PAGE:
Reverse transcription polymerase chain reaction (RT-PCR) and quantitative real-time PCR

MDA-MB-231 cells were treated with different concentrations of α-pinene for 18 h, and total RNA was extracted using Isol-RNA lysis reagent (5 PRIME, Gaithersburg, MD, USA). The first-strand cDNA was synthesized using an iScript cDNA synthesis kit (Bio-Rad Laboratories, Hercules, CA, USA), according to the manufacturer’s instruction. PCR was performed as described previously (Shin et al. 2013b). The amplified products were subjected to electrophoresis in a 1 % agarose gel. Relative expression levels of mRNAs were measured by quantitative real-time PCR with a TaqMan-iQ™ supermix kit (Bio-Rad) using the Bio-Rad iCycler iQ™ thermal cycler according to the manufacturer’s instruction. The TaqMan™ fluorogenic probes and gene-specific PCR primers for MMP-9 and glyceraldehyde-3-phosphate dehydrogenase (GAPDH) were designed as described elsewhere (Shin et al. 2013b). The relative fold changes were normalized to GAPDH mRNA in the same sample.

NF-κB-dependent transcriptional activity assay

MDA-MB-231 cells cultured in 12-well plates were transfected with 0.1 μg of the 5 × NF-κB-Luc plasmid. At 24-h post-transfection, cells were treated with 10 ng/mL TNFα in the absence and presence of α-pinene along with 50 ng of the pRL-null plasmid encoding Renilla luciferase, as described previously (Lee et al. 2015). Firefly and Renilla luciferase activities were measured using the Dual-Glo luciferase assay system (Promega, Madison, WI, USA) and normalized to Renilla activity. The luminescence was measured with a Centro LB960 luminometer (Berthold Technologies, Bad Wildbad, Germany).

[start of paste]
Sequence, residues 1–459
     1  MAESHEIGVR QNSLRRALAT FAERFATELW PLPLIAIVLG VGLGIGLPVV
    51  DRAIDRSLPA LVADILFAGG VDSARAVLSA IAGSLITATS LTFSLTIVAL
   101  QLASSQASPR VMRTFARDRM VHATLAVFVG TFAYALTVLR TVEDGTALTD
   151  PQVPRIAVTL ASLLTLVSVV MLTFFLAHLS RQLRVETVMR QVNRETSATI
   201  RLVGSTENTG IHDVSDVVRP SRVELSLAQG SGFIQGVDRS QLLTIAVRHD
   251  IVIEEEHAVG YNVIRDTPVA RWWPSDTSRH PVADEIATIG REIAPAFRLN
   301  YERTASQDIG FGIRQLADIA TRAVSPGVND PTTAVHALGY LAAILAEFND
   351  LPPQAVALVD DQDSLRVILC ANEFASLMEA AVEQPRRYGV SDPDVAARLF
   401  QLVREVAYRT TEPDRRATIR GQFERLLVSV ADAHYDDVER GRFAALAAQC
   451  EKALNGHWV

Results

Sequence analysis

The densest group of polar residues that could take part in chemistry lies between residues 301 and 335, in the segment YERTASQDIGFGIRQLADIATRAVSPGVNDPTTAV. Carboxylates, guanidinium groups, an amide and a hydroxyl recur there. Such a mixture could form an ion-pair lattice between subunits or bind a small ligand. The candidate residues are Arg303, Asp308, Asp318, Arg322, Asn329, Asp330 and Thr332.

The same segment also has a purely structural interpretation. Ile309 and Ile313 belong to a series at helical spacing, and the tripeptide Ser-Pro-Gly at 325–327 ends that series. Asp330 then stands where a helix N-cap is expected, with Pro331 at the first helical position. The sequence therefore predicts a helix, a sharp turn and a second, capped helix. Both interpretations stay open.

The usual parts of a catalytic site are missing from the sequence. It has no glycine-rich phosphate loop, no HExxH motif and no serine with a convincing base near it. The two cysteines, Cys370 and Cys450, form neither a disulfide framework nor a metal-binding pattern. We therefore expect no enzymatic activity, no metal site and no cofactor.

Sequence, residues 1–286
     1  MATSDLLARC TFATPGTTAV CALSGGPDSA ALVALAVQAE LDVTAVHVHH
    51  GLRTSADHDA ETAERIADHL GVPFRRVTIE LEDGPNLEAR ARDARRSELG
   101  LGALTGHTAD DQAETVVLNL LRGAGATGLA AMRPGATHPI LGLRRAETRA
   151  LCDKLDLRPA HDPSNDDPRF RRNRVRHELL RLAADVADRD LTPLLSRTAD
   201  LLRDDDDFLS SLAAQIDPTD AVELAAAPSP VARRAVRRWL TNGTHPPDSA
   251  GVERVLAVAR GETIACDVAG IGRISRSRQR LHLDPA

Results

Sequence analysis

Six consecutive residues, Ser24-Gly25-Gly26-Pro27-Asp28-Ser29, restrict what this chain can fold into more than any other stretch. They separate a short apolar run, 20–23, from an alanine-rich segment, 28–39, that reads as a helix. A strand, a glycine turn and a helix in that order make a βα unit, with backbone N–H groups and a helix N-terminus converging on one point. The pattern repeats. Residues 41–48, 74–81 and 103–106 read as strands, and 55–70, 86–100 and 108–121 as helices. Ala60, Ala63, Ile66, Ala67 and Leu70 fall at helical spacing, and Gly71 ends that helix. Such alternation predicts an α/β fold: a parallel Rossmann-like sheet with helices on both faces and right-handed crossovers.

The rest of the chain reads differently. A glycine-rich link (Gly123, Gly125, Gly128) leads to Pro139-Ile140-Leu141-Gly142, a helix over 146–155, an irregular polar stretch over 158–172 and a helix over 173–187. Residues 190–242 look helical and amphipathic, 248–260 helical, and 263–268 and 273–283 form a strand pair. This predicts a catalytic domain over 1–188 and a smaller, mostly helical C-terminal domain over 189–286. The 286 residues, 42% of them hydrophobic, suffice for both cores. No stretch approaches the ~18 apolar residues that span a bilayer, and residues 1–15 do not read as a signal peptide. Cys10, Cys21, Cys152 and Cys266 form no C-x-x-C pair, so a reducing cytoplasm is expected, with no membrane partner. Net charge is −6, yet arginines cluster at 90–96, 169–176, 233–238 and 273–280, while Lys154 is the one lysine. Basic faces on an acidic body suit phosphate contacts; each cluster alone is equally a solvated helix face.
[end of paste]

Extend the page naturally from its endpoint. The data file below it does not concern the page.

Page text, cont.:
MMP-9 promoter reporter assay

Construction of the MMP-9 promoter, pMMP9(–925/+13)_Luc was described elsewhere (Shin et al. 2010). For luciferase promoter reporter assay, MDA-MB-231 cells were seeded onto 12-well plates and transfected with 0.5 µg of the pMMP9(–925/+13)_Luc using Lipofectamine 2000 (ThermoFisher Scientific, Waltham, MA, USA) as described previously (Shin et al. 2010). To monitor transfection efficiency, 50 ng of the pRL-null plasmid encoding Renilla luciferase was included in all the samples. At 48-h post-transfection, cells were treated with 10 ng/mL TNFα in the absence and presence of α-pinene. After 8 h, cells were collected and the firefly luciferase activities were measured and normalized to Renilla activities using the Dual-Glo luciferase assay system. Luminescence was measured using a Centro LB960 luminometer.